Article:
The life of this family is more evoked than shown in a series of seemingly unrelated scenes. There are the scenes of Stan interacting with his children, one of whom decides to just wear a Halloween mask of a cartoon dog all day, and ends up getting beaten up because no one recognizes him. In one scene, two guys Stan knows try to convince him to join them in a crime, but he flatly refuses. They keep pushing, and eventually his wife comes out and backs him, and they leave. Stan excitedly buys a car motor from a junk dealer, thinking if he can fix it up and sell it he can make good money. But he and his friend don’t put it in the bed of the pick-up truck right and the engine falls out and is ruined. In one memorable sequence, the whole family piles into the car for a day out at the horse races. Soon they end up with a flat tire and, without a spare, are forced to head home, never having made it to the one fun thing they had planned.

In some ways, this is a story about how poverty seeps into every single aspect of someone’s life. Stan has a job, and his family can, for the most part, afford food and heat, and he is defiantly proud of this fact. In one scene he shouts that they are not like another family that has to crowd around the stove on cold nights because their heater doesn’t work. The implication seems to be that he can’t be completely worthless, in his own eyes, because he has at least gotten his family to the point where they don’t have to constantly worry about where their next meal is coming from. But at the same time, they can’t afford anything that would brighten anyone’s day, there are very few toys, and if something breaks it will be a long time before it’s fixed. Not to mention that whenever Stan is home, he seems exhausted. Even his smiles are tired. In the scene where he and his wife slow dance in the attic, it is to Dinah Washington’s “This Bitter Earth,” and if there is a catharsis it is not an exuberant one.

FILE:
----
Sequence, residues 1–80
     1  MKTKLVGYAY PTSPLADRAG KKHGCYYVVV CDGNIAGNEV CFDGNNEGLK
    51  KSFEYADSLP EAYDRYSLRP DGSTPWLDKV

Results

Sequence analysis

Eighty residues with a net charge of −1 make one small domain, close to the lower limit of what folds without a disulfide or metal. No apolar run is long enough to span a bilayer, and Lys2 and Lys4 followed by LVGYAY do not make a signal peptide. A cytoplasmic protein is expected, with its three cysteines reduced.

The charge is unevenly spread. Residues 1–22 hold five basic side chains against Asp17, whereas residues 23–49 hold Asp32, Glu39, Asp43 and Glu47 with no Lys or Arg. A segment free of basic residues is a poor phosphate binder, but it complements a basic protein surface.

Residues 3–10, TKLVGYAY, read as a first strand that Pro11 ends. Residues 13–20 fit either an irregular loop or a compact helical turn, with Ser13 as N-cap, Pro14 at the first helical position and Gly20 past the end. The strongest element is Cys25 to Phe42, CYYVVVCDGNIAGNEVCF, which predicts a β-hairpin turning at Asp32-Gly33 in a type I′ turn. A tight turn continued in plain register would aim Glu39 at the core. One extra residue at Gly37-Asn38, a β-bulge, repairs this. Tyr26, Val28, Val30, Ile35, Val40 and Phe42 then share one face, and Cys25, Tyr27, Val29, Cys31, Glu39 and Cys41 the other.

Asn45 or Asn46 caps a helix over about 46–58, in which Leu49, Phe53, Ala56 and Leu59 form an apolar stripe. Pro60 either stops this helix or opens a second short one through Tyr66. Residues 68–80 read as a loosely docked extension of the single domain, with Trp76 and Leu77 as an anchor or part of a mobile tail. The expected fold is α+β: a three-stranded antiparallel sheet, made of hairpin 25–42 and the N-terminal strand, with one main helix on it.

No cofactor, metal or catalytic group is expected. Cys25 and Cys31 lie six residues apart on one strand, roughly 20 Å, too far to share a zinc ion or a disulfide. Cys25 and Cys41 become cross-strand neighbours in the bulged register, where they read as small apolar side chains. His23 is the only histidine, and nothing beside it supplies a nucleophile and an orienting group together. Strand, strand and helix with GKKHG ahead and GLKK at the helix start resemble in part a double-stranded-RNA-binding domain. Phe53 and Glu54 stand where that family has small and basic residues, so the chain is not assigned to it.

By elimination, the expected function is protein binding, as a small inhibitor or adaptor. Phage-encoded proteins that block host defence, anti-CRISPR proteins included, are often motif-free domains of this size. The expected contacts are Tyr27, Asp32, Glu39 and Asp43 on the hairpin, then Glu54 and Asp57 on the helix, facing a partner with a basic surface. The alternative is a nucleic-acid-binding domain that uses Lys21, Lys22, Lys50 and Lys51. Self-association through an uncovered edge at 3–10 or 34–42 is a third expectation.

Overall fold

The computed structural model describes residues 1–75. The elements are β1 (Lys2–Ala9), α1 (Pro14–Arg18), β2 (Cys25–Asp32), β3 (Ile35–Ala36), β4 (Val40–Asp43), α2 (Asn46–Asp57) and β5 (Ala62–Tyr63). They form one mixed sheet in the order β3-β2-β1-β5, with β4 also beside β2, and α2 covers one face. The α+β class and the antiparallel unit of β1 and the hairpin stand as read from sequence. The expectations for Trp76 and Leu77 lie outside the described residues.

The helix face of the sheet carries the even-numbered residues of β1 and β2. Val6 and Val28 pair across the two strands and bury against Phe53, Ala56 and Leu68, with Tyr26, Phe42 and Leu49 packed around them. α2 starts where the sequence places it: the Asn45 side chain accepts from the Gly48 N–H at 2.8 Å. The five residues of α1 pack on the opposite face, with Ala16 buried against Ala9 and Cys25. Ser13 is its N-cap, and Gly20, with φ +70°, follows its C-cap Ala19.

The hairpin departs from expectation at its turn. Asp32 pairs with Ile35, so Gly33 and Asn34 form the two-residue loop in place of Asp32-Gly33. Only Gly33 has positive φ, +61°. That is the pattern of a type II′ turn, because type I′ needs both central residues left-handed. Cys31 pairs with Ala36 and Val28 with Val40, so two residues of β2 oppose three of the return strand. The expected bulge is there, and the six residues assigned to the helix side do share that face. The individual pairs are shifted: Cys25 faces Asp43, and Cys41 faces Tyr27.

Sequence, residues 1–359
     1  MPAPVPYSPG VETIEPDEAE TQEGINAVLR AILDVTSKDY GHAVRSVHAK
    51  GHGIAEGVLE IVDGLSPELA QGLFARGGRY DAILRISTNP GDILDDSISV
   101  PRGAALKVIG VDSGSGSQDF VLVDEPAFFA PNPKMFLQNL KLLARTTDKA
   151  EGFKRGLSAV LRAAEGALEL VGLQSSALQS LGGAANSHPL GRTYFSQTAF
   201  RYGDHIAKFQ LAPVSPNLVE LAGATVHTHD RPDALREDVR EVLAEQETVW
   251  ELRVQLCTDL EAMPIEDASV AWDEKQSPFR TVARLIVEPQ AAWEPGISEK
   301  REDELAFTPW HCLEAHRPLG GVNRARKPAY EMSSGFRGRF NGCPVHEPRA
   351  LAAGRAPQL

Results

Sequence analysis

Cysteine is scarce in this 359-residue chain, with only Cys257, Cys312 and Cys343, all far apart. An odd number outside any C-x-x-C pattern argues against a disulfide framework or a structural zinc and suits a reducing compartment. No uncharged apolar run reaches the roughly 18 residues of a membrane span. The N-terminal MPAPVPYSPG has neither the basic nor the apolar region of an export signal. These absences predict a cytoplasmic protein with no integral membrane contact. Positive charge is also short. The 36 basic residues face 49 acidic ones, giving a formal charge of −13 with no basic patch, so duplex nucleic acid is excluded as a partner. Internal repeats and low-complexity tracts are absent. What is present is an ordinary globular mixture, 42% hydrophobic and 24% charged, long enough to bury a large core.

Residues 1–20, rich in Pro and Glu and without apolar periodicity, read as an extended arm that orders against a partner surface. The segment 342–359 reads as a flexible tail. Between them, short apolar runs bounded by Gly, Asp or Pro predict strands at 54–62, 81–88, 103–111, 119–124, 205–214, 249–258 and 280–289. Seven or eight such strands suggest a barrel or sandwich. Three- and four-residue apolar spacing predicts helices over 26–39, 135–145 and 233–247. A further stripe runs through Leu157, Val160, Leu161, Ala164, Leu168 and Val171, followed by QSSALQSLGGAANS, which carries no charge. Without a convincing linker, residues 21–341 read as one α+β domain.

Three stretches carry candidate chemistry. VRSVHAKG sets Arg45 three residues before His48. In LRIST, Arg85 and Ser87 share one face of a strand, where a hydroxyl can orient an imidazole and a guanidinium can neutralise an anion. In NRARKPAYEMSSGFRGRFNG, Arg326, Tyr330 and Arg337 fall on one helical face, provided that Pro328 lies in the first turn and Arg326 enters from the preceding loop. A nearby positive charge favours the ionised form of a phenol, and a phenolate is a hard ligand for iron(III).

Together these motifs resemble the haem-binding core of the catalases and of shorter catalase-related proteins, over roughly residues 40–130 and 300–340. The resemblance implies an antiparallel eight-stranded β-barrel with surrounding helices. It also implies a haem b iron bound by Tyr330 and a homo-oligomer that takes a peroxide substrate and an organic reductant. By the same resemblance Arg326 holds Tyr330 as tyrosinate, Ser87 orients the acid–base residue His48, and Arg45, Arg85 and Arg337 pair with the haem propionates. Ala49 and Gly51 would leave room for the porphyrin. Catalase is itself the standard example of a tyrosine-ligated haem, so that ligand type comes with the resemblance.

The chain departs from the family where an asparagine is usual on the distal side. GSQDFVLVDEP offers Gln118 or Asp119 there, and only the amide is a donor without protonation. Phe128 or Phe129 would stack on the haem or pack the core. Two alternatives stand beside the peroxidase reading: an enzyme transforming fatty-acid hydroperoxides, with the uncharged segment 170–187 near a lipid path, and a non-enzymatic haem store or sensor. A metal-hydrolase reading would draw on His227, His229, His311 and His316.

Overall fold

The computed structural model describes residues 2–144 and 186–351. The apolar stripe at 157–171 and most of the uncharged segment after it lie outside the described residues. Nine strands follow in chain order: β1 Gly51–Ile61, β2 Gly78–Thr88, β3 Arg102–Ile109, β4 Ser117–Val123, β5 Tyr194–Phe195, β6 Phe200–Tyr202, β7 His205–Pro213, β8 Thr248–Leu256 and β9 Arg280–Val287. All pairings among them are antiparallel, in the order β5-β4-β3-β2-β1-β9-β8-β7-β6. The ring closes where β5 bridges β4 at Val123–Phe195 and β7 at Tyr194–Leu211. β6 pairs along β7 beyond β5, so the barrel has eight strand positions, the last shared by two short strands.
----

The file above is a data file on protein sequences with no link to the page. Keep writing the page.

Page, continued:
Even at home, Stan always seems to be working on something, whether it’s fixing the sink or putting down new linoleum. I think if we are to pick up on a theme, it is that Stan feels as if he has lost control of the greater trajectory of his life. There is never a moment where he can just be himself, it is always one thing or another. This feeling ends up hanging over even the scenes with the children. They may seem carefree but are hurtling down the same, meaningless path as their parents. Maybe we are meant to see a parallel with the sheep, blindly following each other down the assembly line.

Killer of Sheep is one of those movies with a reputation far outstripping the number of people who have actually seen it, though more people have likely seen it these days than at any time previously. It is today considered one of the absolute classics of Black cinema, an African-American answer to the grounded movies about “small” people trying to live their lives directed by Vittorio De Sica or Yasujiro Ozu, the spiritual predecessor of Moonlight. Despite having been made in the 1970s, nothing here in particular dates this movie, and its black and white photography adds to something of a timeless quality. After the theatrical re-release in 2007, several national-level critics who had never had the chance to see the film before put it in their top ten list of that year, thirty years after the movie had originally come out.